Mengel also believes Japan's economic revival is sustainable. "Japan is coming out of deflation, which is very good for domestic consumption," he said. "Japanese companies are also increasingly profitable."

Standard & Poor's has had a positive outlook on Japan throughout 2005 and maintains its overweight recommendation looking ahead to next year. "Our forecast is based on the strong economic and profit outlook, improved reform prospects and attractive valuations," said Alec Young, Standard & Poor's equity market strategist.

Western Europe: Looking Under the Hood

Western European stock markets have done reasonably well in local currencies, Mengel said, but not so good in U.S. dollars. (The dollar rallied about 12% relative to the euro this year). "The stronger U.S. dollar has propelled the major European stock markets, which have risen 20%-30%," he noted. "The dollar has helped Eurozone exporters, as companies enact aggressive cost-cutting and raise margins."

However, Mengel notes, the underlying European economies are weak, due to domestic issues like high unemployment and dismal domestic demand.

Young noted that although Standard & Poor's has had a positive outlook towards European equities throughout 2005, the 2006 outlook is more cautious.

Outlook for 2006: Eyes on Oil, China and the U.S. Dollar

Holt sees three main risks facing global markets in 2006: economic dislocation due to rising commodity and energy prices; geopolitical problems, including a rise in protectionism; and a potential collapse of the U.S. dollar, which would negatively impact foreign exporters, particularly Asia.

With respect to the emerging markets, Kaiser said that "markets which are broadly tied to natural resources did exceptionally well in 2005, and we forecast the trend to continue in 2006."

Mengel noted that with energy prices having stabilized from record highs, "it appears the world can live with oil priced at $60, even fast-growing Asia, which is almost completely dependent on oil imports. As long as oil doesn't jump to the $90-$100 level, this growth should continue in 2006."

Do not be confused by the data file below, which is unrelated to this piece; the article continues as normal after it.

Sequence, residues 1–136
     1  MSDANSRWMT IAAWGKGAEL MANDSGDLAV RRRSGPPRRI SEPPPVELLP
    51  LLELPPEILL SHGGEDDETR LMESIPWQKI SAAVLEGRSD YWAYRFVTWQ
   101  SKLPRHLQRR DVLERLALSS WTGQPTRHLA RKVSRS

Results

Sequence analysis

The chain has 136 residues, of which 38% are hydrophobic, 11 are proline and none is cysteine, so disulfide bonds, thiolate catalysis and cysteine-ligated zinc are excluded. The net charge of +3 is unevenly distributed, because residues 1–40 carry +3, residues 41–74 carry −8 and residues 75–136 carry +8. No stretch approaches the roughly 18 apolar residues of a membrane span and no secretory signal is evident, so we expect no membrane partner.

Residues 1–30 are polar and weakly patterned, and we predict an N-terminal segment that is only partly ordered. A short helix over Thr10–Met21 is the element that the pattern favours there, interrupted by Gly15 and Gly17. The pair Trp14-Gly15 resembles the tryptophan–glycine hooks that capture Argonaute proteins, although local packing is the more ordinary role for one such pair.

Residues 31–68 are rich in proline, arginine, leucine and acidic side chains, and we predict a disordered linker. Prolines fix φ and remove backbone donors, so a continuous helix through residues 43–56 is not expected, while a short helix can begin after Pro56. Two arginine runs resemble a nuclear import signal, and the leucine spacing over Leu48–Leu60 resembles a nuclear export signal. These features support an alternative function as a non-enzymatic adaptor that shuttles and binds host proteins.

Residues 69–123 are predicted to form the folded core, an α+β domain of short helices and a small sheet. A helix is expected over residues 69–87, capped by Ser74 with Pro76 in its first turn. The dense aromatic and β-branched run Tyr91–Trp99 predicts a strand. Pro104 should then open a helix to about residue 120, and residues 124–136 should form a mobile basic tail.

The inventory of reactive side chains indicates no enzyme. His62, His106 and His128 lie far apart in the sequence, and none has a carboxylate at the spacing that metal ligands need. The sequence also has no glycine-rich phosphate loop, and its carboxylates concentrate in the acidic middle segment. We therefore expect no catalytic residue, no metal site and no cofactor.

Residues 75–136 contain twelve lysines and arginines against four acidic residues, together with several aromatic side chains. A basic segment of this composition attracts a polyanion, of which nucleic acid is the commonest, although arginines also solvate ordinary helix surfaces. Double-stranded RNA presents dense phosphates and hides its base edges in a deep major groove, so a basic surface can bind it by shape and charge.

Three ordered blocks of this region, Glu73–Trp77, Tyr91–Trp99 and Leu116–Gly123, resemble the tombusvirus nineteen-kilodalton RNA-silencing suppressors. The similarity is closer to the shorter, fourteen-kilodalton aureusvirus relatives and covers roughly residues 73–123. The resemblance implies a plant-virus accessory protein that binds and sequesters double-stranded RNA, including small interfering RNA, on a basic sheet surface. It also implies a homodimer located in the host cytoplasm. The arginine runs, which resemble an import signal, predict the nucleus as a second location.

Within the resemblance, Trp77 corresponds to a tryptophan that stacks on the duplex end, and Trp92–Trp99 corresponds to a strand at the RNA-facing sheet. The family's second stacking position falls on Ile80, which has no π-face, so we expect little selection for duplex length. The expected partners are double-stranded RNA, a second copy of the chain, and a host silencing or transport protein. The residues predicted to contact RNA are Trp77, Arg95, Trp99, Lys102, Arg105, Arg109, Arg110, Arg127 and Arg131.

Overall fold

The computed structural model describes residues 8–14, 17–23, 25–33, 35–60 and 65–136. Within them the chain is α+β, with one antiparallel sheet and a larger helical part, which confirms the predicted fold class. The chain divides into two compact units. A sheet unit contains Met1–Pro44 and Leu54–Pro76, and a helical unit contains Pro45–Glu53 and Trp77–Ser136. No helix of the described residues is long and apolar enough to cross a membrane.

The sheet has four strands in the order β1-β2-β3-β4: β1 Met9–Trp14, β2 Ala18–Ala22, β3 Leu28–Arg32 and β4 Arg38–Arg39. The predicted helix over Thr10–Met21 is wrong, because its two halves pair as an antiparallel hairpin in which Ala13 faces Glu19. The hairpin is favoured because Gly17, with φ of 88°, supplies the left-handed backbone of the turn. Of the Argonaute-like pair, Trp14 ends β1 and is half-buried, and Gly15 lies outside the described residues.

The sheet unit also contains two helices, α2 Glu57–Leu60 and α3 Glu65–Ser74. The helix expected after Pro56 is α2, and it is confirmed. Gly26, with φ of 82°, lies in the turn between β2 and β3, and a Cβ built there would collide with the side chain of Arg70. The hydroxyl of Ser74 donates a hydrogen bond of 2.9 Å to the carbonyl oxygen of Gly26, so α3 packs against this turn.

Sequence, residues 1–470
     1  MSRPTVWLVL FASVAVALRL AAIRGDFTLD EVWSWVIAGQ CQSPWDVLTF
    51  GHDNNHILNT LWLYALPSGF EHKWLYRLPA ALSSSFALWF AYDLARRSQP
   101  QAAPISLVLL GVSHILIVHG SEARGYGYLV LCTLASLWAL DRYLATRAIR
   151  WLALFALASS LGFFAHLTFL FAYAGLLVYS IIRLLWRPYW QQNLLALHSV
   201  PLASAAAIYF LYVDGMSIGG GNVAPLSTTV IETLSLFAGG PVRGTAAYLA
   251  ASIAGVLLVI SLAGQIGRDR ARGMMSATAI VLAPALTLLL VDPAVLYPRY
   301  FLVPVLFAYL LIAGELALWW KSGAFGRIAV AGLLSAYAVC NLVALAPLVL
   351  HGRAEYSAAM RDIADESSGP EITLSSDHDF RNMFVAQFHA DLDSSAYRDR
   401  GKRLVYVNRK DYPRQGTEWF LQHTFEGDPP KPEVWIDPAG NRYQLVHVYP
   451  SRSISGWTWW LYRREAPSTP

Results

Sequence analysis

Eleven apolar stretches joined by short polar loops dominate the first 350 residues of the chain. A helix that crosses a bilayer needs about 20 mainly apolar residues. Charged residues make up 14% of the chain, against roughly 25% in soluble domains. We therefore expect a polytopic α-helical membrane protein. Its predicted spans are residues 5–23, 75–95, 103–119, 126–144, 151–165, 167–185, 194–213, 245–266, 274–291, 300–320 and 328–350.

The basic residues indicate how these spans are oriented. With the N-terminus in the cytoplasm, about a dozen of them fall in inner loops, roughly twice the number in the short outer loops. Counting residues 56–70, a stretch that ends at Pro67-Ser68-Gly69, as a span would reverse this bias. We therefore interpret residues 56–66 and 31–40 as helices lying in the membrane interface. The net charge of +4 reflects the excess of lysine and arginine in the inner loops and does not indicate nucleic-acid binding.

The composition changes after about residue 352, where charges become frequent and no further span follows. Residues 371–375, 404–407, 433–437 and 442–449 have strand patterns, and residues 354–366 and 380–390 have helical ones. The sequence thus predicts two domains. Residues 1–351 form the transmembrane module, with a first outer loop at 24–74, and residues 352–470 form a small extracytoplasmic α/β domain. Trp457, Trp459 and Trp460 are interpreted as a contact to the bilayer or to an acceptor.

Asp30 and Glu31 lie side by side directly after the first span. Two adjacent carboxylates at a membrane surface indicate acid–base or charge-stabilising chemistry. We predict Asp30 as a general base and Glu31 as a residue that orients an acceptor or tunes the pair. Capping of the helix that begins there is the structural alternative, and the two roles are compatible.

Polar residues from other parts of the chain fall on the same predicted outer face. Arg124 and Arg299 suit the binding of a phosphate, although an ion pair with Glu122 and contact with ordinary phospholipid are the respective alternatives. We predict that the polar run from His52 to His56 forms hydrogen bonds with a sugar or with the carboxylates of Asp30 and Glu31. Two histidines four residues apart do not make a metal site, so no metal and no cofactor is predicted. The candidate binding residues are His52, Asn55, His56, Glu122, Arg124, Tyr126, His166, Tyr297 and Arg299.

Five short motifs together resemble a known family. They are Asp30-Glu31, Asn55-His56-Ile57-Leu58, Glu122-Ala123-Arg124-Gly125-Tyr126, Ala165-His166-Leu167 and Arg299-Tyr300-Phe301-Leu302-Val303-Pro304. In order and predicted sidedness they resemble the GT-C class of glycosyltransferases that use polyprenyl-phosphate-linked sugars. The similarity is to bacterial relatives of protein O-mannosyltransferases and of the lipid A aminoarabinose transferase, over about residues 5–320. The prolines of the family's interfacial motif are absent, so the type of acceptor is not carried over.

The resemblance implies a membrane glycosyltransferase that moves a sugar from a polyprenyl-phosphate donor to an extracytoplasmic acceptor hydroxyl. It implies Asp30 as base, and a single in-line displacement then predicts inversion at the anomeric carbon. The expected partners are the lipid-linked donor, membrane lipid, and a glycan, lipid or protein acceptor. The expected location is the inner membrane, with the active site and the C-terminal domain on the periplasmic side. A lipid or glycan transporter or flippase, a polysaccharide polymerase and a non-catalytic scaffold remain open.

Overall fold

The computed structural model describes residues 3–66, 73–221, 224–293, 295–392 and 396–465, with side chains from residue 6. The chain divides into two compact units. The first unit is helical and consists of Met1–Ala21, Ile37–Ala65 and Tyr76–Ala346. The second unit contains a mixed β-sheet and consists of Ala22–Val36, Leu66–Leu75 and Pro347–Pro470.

Young notes that while the price of WTI crude oil averaged $56/barrel in 2005 -- a 36% increase from 2004 -- the global economy has been "surprisingly resilient" in response. Looking ahead, Standard & Poor's believes that "while energy prices may not fall dramatically, we will not see a repeat of 2005's outsized gains. Standard & Poor's forecasts WTI crude oil will average $58 in 2006, roughly in line with 2005's year-to-date average level of $57."

Mengel contends that China, with its insatiable demand for commodities and raw materials, will continue to serve as the world's growth engine. "China's economy will grow by about 9% this year, but may slow down slightly to 8.5% in 2006," he said. "On a relative basis, its demand remains quite high and will likely continue to boost the remainder of the globe's economies, particularly the emerging markets."

The ongoing process of globalization will likely dominate the landscape. Holt said this trend has benefited the world's economies, including the U.S., citing an environment of stable economic growth, low inflation, cheaper labor costs through outsourcing to China and India, and historically low interest rates.

Standard & Poor's Global Investment Policy Committee currently recommends that investors keep 20% of their investment portfolio in foreign equities.

International Equity Funds and Exchange-Traded Funds

Best Performers

Year-End Returns (%)

Worst Performers

Year-End Returns (%)

ProFunds:Ultra Japan/Inv (UJPIX)

+71.8

PowerShares Golden Dragon Halter USX Tr (PGJ)

-3.0

ING Russia Fund/A (LETRX)

+67.9

Dreyfus Premier Greater China Fund/B (DPCBX)

+1.0

Fidelity Advisor Korea/Instl (FKRIX)

+60.7

iShares MSCI Malaysia Index Fund (EWM)

+1.1

Matthews Korea Fund (MAKOX)

+56.6

iShares MSCI Italy Index Fund (EWI)

+2.3

T. Rowe Price Latin America Fund (PRLAX)

+55.8

iShares MSCI Taiwan Index Fund (EWT)

+2.3

Global Equity Funds

Best Performers

Year-End Returns (%)

Worst Performers

Year-End Returns (%)

Merrill Lynch Global Value Fund/I (MAVLX)

+34.1

Prudent Global Income (PSAFX)

-4.5

Scudder Global/S (SCOBX)

+22.5

Seligman Global Growth/D (SHODX)

+0.1

T. Rowe Price Global Stock (PRGSX)

+21.5

Eaton Vance Global Growth Fund/C (ECIAX)

+0.7

Evergreen Global Opportunities Fund/I (EKGYX)

+19.4

DFA Global 25/75 Portfolio/R

+0.8

RiverSource Global Equity Fund/Y (IDGYX)

+18.3

Hartford Global Leaders Fund/B (HGLBX)

+0.8

International Exchange-Traded Funds

Best Performers

Year-End Returns (%)

Worst Performers

Year-End Returns (%)

iShares S&P Latin America 40 Index Tr (ILF)

+52.8

PowerShares Golden Dragon Halter USX Tr (PGJ)

-3.0

iShares MSCI South Korea Index Fund (EWY)

+49.0

iShares MSCI Malaysia Index Fund (EWM)

+1.1

iShares MSCI Brazil Index Fund (EWZ)

+46.5

iShares MSCI Italy Index Fund (EWI)

+2.3

iShares MSCI Mexico Index Fund (EWW)

+43.3

iShares MSCI Taiwan Index Fund (EWT)

+2.3

BLDRS Emerging Markets 50 ADR Index Fund (ADRE)

+36.8

iShares MSCI Spain Index Fund (EWP)

+4.3

*SOURCE: Standard & Poor's. Total returns are in U.S. dollars and include reinvested dividends. Preliminary data as of 12/19/05.

**S&P/Citigroup data as of Nov. 30, 2005